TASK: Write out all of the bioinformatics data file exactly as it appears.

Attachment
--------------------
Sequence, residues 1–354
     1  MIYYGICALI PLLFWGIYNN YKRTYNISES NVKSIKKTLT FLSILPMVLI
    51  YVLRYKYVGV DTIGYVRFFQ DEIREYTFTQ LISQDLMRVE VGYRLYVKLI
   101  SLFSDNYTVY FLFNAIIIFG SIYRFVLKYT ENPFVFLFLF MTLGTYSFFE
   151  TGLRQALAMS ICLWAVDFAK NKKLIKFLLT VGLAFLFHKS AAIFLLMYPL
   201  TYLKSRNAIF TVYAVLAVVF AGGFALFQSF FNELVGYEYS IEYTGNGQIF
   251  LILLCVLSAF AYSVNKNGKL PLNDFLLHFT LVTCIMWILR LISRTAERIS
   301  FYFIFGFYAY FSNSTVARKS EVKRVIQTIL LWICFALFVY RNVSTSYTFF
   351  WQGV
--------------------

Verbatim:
Sequence, residues 1–354
     1  MIYYGICALI PLLFWGIYNN YKRTYNISES NVKSIKKTLT FLSILPMVLI
    51  YVLRYKYVGV DTIGYVRFFQ DEIREYTFTQ LISQDLMRVE VGYRLYVKLI
   101  SLFSDNYTVY FLFNAIIIFG SIYRFVLKYT ENPFVFLFLF MTLGTYSFFE
   151  TGLRQALAMS ICLWAVDFAK NKKLIKFLLT VGLAFLFHKS AAIFLLMYPL
   201  TYLKSRNAIF TVYAVLAVVF AGGFALFQSF FNELVGYEYS IEYTGNGQIF
   251  LILLCVLSAF AYSVNKNGKL PLNDFLLHFT LVTCIMWILR LISRTAERIS
   301  FYFIFGFYAY FSNSTVARKS EVKRVIQTIL LWICFALFVY RNVSTSYTFF
   351  WQGV